Zakir Hussain and an Intro to Indian Classical Music
I remember the first time I heard the sound of the tabla. I was sixteen years old and Zakir Hussain was doing a tour with Ravi Shankar and Anoushka Shankar in the mid-to-late 1990s. It was the first time I ever attended a classical Indian music concert and the sound waves washed over me and had me completely mesmerized. At the end of the concert, they were handing out black and white photos of Ravi Shankar and George Harrison of which I then hung up in my locker until the end of my high school career.
It wasn’t uncommon in our household to wake up to the sounds of Kishore Kumar and Lata Mangeshkar or Ravi Shankar and Zakir Hussain floating throughout our house on Saturday morning (complemented with the smell of chai). Of course, at the time, I thought this particular type of music sounded ‘funny’ and would block the sounds with my Pearl Jam or R.E.M. CD on my Discman (throwback!). But now my love for both the Indian Classical and the likes of Kishore Kumar are stronger than ever as they help me feel closer to my Indian roots.
Out of curiosity, I did some sleuthing on the origins of Indian classical music. Indian music is split up into two categories, Hindustani (North Indian) and Carnatic (South Indian). Indian classical music is constructed by ‘ragas’ and ‘talas’. While a gross oversimplification, Indian Classical music is less structured and rules-based than Western Classical and is based more around a school of thought and improvisation, rather than having a more formulaic approach. The Hindu asks the question of “Is Hindustani music more emotional and Carnatic music more intellectual?”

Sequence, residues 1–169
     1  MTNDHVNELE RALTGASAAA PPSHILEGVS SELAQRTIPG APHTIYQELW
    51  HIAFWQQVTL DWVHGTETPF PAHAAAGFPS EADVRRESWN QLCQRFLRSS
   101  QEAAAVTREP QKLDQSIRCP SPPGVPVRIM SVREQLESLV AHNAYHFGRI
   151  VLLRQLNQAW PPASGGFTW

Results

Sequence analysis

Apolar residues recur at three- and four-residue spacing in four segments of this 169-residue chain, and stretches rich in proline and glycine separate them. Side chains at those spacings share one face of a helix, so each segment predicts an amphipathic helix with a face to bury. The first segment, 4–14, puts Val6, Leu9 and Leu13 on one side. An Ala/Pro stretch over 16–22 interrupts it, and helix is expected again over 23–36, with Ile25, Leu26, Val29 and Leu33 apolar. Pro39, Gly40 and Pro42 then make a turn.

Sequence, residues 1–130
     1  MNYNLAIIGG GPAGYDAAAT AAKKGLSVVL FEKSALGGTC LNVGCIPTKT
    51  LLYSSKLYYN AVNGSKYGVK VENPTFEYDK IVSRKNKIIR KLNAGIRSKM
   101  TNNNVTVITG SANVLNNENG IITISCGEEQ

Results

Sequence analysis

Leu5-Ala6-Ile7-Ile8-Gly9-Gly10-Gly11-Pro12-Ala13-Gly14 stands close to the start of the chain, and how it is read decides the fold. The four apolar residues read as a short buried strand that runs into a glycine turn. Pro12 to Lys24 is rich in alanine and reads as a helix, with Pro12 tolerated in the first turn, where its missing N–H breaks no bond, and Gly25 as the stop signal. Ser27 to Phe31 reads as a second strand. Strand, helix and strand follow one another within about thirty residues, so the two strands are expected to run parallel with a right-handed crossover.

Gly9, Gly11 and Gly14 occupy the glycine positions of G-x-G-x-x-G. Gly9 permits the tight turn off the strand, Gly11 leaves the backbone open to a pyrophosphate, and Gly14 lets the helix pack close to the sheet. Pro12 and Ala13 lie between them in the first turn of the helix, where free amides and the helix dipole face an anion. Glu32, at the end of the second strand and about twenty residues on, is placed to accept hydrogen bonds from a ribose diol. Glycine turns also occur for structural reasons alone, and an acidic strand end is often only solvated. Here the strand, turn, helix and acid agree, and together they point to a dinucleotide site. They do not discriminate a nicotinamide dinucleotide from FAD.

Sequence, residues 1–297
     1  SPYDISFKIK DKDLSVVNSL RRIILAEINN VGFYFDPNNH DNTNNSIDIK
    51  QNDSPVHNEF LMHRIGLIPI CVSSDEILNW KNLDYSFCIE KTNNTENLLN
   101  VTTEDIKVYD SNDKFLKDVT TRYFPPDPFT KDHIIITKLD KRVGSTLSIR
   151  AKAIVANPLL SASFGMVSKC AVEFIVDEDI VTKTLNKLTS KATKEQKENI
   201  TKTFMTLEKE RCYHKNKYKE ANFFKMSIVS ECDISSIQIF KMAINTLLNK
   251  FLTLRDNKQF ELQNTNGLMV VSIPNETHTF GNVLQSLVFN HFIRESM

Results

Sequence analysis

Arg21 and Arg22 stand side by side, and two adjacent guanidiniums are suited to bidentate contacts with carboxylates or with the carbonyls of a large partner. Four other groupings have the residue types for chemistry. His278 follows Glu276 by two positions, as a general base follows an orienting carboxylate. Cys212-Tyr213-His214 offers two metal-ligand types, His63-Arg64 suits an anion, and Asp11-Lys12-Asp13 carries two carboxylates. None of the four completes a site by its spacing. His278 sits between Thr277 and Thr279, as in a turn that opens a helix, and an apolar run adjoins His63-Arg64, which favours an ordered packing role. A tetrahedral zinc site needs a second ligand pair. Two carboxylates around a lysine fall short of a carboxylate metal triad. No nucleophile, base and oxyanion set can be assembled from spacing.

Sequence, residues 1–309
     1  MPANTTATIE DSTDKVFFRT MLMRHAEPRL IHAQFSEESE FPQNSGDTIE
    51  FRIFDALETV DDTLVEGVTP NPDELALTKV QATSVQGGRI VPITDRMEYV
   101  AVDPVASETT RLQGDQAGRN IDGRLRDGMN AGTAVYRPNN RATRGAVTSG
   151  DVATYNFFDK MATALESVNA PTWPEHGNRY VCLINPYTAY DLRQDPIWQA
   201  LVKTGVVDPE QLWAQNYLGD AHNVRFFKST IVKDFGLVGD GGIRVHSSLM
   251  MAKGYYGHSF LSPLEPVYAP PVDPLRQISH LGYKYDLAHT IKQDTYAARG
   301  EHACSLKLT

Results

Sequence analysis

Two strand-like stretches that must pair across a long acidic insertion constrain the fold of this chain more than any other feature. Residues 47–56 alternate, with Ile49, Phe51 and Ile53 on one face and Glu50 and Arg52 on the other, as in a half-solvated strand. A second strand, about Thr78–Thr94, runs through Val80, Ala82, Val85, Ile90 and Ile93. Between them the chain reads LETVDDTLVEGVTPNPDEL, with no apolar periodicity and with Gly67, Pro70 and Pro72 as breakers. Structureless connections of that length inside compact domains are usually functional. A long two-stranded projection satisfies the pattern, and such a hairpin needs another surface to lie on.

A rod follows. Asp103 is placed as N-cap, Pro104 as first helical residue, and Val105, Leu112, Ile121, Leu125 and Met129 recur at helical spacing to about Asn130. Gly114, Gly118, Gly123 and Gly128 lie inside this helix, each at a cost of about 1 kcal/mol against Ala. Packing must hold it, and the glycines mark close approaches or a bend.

In Carnatic music, there is said to be 72 ragas (called Melakarta ragas) and neural research has shown these 72 raagas can impact corresponding nerves in the human body and has been proven to help patients who are healing. Carnatic music tends to be more vocal and devotional and it is said to have originated from Vedic literature of Hinduism. In the early 13th, Hindustani music was formed in northern India, with Persian and Arabic influences, blending with Hindu traditions.
“Hindustani music is a larger reflection of geographic cross-pollinations of the time with Persian invasion of North India and has many influences of Persian classical music,” states Nilan Chaudhuri, a professional tabla player based in San Francisco.
Indian music became popular in the West around the 1960’s when artists such as John Coltrane, The Beatles, Miles Davis, Grateful Dead, The Beatles started incorporating Eastern sounds and philosophies into their musical style. Sitar, named after Persian instrument ‘sehtar’, which means three string, is probably the most recognizable and popular instrument in Indian Classical music.
So while India is far away and I am only touching the surface of Indian music, I now find myself blissfully streaming Indian classical music on Pandora on Saturday mornings (yes, really), that not only evoke fond childhood memories, but also encapsulate a complex history, form, and feelings that make me feel so connected to India’s diverse culture and history.